Thus, the aim of this study was to evaluate the spectrum, the velocity and the potential drift risk of droplets sprayed by nozzles with and without air induction, with the addition of mineral oil to the spray solution.

MATERIAL AND METHODS

The experiment was carried out in the Agricultural Mechanization Laboratory of the Federal University of Uberlândia and in the Machinery Testing Center and Agroforestry Tires of the São Paulo State University – Botucatu Campus.

The spectrum, the velocity and the potential drift risk of droplets by nozzles with and without air induction were analyzed, and in spray solutions with and without mineral oil. The experiment was carried out in a completely randomized design with five replications; in a factorial 2 × 2 (two spray nozzles and spray solution with and without mineral oil). Aiming to study the effect of air induction on spraying, Hypro® flat fan spray nozzles with rated flow of 1.14 L min−1 were evaluated at a pressure of 300 kPa: VP 110-03 (without air induction) and GA 110-03 (with air induction).

In order to reduce the surface tension of the spray solution to levels closer to those used in the field with the presence of crop protection products, the Agral® adjuvant from Syngenta® was added to all spray solutions. This product is characterized as adhesive spreader of the nonyl phenoxy poly ethanol chemical group. The surface tension of the water with temperature of 25°C (72 mN m−1) was reduced to 32 mN m−1 after the addition of the adjuvant at the concentration of 0.05% V V−1.

In the treatments with mineral oil, besides of the Agral®, the Assist® adjuvant was used, from BASF® manufacturer, from the aliphatic hydrocarbons chemical group. The product was added in the concentration of 1.5% V V−1. The choice of mineral oil was due to its great use in the field, and since in many packages, mainly from fungicides, there is its recommendation.

Before the droplet spectrum evaluation, a study of the physicochemical characteristics of the spray solutions used was done. The pH, viscosity, surface tension and electrical conductivity were analyzed, repeating them five times (CUNHA & ALVES, 2009).

The spraying was evaluated taking into account the spectrum and the droplets velocity. The following parameters were taken: Dv0.5 (droplet diameter that 50% of the sprayed liquid volume consists of smaller droplets than this value, also known as volumetric median diameter - VMD), droplets velocity and relative amplitude (RA).

The determinations were carried out directly, using a real-time droplets analyzer based on high-resolution image analysis. The VisiSize D30 equipment from the Oxford Lasers Imaging Division manufacturer was used, with a capture rate of 30 frames per second and laser beam diameter of 805 nm for jet lighting.

To relate the drift with the measured parameters, the droplets drift in wind tunnel was analysed (Figure 1a) (MOREIRA JÚNIOR & ANTUNIASSI, 2010; MOTA, 2015). The wind tunnel overall dimensions are 1.00 m of length, 0.70 m of height, test section of 5.20 m of length and total length of 6.30 m. Nylon threads of 2mm of diameter were used (Figure 1b) as artificial targets to the drift collection and they were positioned horizontally and perpendicular to the wind moving direction, arranged in the form of drawers.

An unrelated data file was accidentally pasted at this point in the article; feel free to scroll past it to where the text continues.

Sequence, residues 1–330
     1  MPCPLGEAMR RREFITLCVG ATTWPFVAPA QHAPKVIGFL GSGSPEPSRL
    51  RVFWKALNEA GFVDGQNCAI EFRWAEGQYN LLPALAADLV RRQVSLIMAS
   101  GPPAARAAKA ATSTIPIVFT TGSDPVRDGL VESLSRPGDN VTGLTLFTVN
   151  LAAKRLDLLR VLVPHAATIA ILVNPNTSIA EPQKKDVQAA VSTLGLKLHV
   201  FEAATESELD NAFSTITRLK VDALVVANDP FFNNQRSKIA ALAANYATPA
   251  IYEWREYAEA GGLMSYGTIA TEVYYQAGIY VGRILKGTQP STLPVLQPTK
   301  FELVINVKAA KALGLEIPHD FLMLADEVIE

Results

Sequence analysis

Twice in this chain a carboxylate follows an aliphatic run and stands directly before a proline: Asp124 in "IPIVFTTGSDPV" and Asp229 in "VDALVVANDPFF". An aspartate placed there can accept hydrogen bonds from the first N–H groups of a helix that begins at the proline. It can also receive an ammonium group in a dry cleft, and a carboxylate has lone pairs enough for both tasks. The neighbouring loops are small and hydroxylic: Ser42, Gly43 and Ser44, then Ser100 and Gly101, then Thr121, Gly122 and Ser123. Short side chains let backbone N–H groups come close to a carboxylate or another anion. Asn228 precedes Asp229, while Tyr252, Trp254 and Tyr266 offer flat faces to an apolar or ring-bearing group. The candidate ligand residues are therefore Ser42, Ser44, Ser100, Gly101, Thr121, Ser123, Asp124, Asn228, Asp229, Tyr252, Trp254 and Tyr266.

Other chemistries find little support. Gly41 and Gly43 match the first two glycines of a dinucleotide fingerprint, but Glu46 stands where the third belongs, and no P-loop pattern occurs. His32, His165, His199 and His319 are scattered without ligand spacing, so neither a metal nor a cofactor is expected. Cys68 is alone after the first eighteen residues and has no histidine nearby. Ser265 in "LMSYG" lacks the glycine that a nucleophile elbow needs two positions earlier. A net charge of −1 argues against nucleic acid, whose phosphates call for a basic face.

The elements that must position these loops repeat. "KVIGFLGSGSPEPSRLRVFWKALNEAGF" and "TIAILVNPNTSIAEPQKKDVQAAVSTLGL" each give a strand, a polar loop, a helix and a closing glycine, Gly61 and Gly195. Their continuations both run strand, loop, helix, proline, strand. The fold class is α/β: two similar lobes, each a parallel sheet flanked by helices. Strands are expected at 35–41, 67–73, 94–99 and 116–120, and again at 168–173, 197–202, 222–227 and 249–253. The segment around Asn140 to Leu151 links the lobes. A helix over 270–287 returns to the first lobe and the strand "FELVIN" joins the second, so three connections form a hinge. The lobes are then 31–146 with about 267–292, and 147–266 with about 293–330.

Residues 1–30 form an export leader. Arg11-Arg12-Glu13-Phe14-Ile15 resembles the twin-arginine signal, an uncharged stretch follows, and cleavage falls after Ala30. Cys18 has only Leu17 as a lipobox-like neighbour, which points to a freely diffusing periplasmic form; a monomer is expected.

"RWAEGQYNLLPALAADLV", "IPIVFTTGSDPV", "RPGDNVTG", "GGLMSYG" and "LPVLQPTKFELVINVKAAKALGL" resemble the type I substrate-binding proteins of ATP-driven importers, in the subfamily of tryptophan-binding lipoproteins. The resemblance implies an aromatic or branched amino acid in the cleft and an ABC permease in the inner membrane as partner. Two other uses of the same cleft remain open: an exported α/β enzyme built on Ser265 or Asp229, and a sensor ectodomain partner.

FIGURE 1 Wind tunnel used in the tests (a); Distribution of nylon thread in the wind tunnel (b). 

The tests were carried out with wind velocity of 2.5 m s−1, which was achieved by adjusting the fan speed. For each collection, the spraying of the spray solution was carried out for 20 seconds (MOREIRA JÚNIOR & ANTUNIASSI, 2010; MOTA, 2015) in order to allow the amount of product collected from the nylon thread to be within the reading range of the spectrophotometer.

In all repetitions, the temperature and relative humidity were measured, using a portable digital hygrometer term Minipa, MTH 1362W model, positioned out of the wind tunnel, near to the fan where the air enters the tunnel. The wind speed was measured in real time, using a digital anemometer fan type (Minipa brand, MDA 11 model). The anemometer was placed inside the wind tunnel, between the air outlet and the spray nozzle.

For the formulation of spray solution, potable water at room temperature was used, and for all treatments the artificial dye (marker) for food purposes, Brilliant Blue, “Duas Rodas” manufacture, was used, at a concentration of 6000 ppm.

This dye has low toxicity and is a highly water soluble product, and it is used in several studies with satisfactory results as tracer in the respective experiments for deposition measures (CHECHETTO et al., 2013; MOREIRA JÚNIOR & ANTUNIASSI, 2010).

From the dye concentration results calculated for each sample, the calculation of the spray volume collected in each thread was made. For this, the dye concentration in the sample (mg L−1) and the amount of water used for washing each thread were considered.

With the spray solutions values present in each thread, the drift rate by thread was estimated, which is the percentage of the sprayed spray solution volume retained on the thread as described in the [eq. (1)], and the total drift rate, which was the sum of the drift rate of all threads for each repetition.

DI thread= SV×AT×T×11000q×100 (1)

That,

  • DI thread - Drift index by thread (%);

  • SV - spray volume collected by thread (μL);